Monday, December 05, 2005

“Saw II:” It’s Bloody Dull, But At Least It’s Bloody

Saw II delivers exactly what is expected: a grisly, bloody film that relies on gruesome death scenes to keep the audience interested. Notice how I said interested and not scared. The deaths in Saw II aren’t really scary, they are very grotesque and it is slightly fascinating to see the various ways in which our characters (if you really want to call them that) bite the dust. Can it be true that people actually enjoy watching people suffer and die? Oh you bet I do. Why do you think Paramount made all those Friday the 13th movies? The gore hounds loved the kills and I’m sure the studio execs loved seeing the critics cringe just as much. Nothing else is very exciting in Saw II, but at least it isn’t The Fog.

Saw II exists simply to make its audience squirm. It fails and it succeeds. The three young girls sitting in front of me shoved their hands into their faces several times. I didn’t. Although there was one scene involving a pit of syringes that made me feel extremely uncomfortable. And I enjoyed every second of it. Roger Ebert has said some movies exist just to be mean-spirited and gruesome like the remake of The Texas Chainsaw Massacre. He says, “The filmmakers want to cause disgust and hopelessness in the audience.” Hey this isn’t The Sound of Music! I say what’s wrong with causing pure disgust? If a film can make you feel uncomfortable (on purpose of course) I think it succeeds. I’ve been waiting to get that off my chest. However, in this film, it only rarely succeeds.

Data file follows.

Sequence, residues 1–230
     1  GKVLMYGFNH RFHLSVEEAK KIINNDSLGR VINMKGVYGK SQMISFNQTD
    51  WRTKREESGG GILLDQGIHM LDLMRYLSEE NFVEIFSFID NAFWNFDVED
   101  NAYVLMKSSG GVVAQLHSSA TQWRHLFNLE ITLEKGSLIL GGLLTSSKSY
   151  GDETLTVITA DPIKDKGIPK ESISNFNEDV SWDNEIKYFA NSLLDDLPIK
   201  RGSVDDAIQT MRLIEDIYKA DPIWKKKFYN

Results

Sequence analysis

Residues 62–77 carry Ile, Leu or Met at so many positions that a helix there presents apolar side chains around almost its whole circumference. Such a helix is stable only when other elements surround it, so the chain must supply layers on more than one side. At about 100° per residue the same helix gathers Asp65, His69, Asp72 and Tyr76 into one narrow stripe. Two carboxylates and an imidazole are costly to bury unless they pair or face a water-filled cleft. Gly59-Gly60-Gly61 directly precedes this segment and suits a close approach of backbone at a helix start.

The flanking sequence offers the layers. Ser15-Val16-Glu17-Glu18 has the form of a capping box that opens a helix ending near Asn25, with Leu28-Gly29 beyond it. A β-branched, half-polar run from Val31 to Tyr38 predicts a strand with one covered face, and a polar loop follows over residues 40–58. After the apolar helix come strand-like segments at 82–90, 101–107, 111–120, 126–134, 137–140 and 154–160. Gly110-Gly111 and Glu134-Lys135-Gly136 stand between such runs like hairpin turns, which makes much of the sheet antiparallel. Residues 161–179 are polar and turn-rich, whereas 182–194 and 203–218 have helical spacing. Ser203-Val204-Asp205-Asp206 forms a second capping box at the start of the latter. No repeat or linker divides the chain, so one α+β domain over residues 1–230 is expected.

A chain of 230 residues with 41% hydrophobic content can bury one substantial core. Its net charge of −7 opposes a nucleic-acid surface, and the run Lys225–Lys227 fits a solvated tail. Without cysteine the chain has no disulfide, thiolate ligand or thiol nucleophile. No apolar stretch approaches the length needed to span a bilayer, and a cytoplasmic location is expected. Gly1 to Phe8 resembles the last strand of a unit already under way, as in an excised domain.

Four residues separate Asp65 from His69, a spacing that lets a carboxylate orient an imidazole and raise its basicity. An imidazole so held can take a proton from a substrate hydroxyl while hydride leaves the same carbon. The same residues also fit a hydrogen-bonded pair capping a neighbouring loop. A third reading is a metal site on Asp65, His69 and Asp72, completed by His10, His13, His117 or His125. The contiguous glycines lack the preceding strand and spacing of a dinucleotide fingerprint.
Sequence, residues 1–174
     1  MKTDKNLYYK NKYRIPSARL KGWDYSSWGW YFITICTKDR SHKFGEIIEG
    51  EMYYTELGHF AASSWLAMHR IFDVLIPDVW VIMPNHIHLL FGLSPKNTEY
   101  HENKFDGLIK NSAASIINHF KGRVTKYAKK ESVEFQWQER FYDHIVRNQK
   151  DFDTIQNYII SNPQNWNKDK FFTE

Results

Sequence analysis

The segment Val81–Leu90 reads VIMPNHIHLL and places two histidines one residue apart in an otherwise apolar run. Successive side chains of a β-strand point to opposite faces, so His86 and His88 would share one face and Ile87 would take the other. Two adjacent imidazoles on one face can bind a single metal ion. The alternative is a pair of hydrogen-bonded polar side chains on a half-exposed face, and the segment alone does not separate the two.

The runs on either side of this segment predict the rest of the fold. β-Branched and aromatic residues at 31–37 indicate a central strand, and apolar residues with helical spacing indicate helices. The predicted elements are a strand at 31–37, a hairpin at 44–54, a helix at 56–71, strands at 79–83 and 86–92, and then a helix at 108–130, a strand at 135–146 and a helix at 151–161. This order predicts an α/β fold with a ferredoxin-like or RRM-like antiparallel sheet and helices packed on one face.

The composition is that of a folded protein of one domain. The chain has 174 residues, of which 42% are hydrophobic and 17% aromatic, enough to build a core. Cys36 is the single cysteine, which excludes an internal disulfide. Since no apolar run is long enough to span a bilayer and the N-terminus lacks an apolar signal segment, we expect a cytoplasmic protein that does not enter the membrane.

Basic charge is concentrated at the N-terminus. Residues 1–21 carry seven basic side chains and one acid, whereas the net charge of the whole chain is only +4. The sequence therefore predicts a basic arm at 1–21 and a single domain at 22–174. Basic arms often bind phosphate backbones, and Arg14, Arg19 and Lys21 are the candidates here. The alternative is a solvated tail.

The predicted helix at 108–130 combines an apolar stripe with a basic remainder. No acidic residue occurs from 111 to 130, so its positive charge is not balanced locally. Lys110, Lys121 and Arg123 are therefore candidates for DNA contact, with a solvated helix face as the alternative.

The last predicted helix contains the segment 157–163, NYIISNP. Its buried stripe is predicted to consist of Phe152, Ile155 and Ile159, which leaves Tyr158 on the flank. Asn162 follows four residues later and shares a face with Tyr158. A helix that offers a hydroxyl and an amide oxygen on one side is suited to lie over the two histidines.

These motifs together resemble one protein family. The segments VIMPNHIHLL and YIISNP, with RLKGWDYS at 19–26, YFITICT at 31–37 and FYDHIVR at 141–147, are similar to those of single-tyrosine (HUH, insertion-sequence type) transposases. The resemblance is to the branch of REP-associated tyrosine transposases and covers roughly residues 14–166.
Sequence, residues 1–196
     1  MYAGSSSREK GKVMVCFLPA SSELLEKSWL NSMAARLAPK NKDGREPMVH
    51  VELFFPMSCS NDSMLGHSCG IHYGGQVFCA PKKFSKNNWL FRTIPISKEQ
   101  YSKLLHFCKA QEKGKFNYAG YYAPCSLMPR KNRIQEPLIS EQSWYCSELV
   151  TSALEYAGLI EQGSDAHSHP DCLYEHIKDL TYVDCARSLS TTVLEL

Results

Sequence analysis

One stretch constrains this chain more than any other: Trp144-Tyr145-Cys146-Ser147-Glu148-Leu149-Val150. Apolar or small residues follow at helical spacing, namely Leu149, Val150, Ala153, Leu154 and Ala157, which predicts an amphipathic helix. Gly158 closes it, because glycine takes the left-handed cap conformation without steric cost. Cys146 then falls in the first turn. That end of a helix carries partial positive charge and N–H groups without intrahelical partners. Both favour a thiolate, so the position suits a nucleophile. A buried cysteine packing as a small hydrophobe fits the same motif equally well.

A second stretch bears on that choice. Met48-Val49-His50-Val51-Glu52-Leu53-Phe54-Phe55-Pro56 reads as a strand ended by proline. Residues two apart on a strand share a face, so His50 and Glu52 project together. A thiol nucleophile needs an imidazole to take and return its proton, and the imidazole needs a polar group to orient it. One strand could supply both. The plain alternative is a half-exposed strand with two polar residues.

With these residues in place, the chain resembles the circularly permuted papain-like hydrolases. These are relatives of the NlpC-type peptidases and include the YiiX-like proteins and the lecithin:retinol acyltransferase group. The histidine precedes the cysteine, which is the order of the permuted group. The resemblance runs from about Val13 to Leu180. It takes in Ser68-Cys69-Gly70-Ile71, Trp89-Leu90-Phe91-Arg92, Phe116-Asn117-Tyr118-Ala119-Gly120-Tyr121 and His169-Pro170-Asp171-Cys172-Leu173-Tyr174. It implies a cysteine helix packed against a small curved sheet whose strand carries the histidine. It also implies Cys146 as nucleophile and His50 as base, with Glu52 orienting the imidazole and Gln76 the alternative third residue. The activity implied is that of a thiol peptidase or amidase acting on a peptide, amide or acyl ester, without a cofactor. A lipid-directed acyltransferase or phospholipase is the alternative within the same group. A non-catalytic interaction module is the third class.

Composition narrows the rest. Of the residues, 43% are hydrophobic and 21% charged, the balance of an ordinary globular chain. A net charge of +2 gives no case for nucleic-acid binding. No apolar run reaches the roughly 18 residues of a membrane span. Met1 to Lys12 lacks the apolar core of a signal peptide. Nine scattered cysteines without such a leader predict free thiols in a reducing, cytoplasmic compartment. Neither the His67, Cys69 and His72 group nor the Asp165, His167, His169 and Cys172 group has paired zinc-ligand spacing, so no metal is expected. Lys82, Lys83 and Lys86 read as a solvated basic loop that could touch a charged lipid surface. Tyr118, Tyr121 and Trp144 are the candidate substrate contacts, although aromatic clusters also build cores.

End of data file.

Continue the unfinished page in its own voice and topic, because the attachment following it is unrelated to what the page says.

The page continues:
It seems as though our cancer-stricken psycho from the first Saw hasn’t bought the farm yet and decides to trap several more unsuspecting victims. Now, breathing from an oxygen tank and bound by a wheelchair, Mr. Jigsaw has trapped eight people in a house filled with more booby traps than a Home Alone movie. Not a bad feat for someone who can barely breathe. One in the group is the troubled teenager of policeman Donnie Wahlberg. Yes that Wahlberg. It seems Mr. Wahlberg has more of a connection with these people than he realizes.

Now we can get to the good stuff: the death scenes. Most of the characters are annoying and deservedly get slaughtered. Amanda, a survivor from the first film, comes forward as the smart one who knows a thing or too about Jigsaw’s game. At times I actually found myself slightly drawn to her. I wanted to her to be o.k. The rest of the cast dies in excruciatingly bizarre ways, which I won’t spoil here. You’ll have to waste your money to find out what happens.

The film’s “style” if you can even call it that emerges as a kinetic, head-ache inducing rock video with quick edits and full 360 pans. If only director Darren Lynn Bousman could only let his camera stay still. This isn’t a film in which what you don’t see scares you. It is bloody and gory and shots should linger on the gore, which it does after causing motion sickness. Mr. Bousman must have realized his film was so flimsy, cheap and ludicrous that the only way to make it look “cool” would be to just shake the hell out of his camera. His instructions to his editor must have been “make a cut every 1/10th of a second.”

Saw II can’t really overcome its flaws but in a time where every filmmaker cuts out the blood just to let 10 year-olds in, sitting in the theater watching Saw II can’t be that bad right? I can picture the next installment: a madman forces a captive audience to watch Saw IV. The horror. GRADE: C

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